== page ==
VP Innovation at Axway, Co-founder at Vordel

Mark O'Neill

Subscribe to Mark O'Neill: eMailAlertsEmail Alerts
Get Mark O'Neill: homepageHomepage mobileMobile rssRSS facebookFacebook twitterTwitter linkedinLinkedIn


Blog Feed Post

Return of the XML Bomb

The XML Bomb is an attack which has a long history, which I've documented back in 2009. Today in 2015 it continues to be a cause of concern. As with many security vulnerabilities, perhaps the evocative name helps. I'm happy to say that our API Gateway blocks the attack, and has done for many years.

So how the XML Bomb work? It's a clever attack and well worth examining:

Older types of APIs use XML, which can be defined using a Document Type Declaration (DTD). DTDs are an old technology now (actually originating in SGML) and largely superseded but newer technologies (XML Schema, JSON Schema).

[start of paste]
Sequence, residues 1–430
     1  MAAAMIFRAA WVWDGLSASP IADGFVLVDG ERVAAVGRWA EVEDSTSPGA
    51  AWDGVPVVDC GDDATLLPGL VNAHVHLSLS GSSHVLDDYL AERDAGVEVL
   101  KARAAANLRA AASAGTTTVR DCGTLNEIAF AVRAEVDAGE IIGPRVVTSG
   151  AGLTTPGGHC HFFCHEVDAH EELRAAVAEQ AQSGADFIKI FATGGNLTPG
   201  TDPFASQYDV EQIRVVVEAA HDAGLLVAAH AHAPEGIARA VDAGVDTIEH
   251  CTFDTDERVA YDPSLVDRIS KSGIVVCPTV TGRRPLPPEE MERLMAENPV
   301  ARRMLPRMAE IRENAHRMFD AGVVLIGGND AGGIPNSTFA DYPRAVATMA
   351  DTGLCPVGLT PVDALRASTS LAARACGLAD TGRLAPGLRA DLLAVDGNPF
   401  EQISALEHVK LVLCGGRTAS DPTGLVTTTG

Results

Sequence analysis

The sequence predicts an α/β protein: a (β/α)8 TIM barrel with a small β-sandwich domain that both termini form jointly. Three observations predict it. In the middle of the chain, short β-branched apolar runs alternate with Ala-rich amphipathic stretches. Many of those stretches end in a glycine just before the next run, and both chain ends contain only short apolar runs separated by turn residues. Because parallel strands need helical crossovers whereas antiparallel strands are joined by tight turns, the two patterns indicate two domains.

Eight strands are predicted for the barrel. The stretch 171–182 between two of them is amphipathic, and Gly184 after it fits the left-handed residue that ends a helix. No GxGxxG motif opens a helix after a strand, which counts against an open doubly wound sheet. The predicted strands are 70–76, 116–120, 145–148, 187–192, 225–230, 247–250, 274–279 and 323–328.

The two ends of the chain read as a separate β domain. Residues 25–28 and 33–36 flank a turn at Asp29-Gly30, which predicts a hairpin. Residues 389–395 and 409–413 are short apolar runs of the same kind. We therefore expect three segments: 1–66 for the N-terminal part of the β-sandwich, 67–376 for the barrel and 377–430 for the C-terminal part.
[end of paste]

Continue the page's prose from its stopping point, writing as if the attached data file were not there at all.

The issue is that DTD implementations can be vulnerable to recursion attacks. The SOAP specification states “A SOAP message MUST NOT contain a Document Type Declaration” (http://www.w3.org/TR/SOAP/ Section 3). However, some XML applications process DTDs, and therefore products which protect XML applications must block DTDs.
The following DTD contains a recursively defined entity “&x100;” that would be expanded into the huge amount (2^100) repetitions of the string “hello” by any XML 1.0 standard compliant parser. This would cause excessive memory usage and/or excessive CPU usage:

<!DOCTYPE foobar [
<!ENTITY x0 “hello”>
<!ENTITY x1 “&x0;&x0;”>
<!ENTITY x2 “&x1;&x1;”>
<!ENTITY x3 “&x2;&x2;”>
<!ENTITY x4 “&x3;&x3;”>
...
<!ENTITY x98 “&x97;&x97;”>
<!ENTITY x99 “&x98;&x98;”>
<!ENTITY x100 “&x99;&x99;”>
]>
<foobar>&x100;</foobar>

It's important to ensure that your APIs are not vulnerable to this attack. An API Gateway is a great way to achieve this.

Read the original blog entry...

More Stories By Mark O'Neill

Mark O'Neill is VP Innovation at Axway - API and Identity. Previously he was CTO and co-founder at Vordel, which was acquired by Axway. A regular speaker at industry conferences and a contributor to SOA World Magazine and Cloud Computing Journal, Mark holds a degree in mathematics and psychology from Trinity College Dublin and graduate qualifications in neural network programming from Oxford University.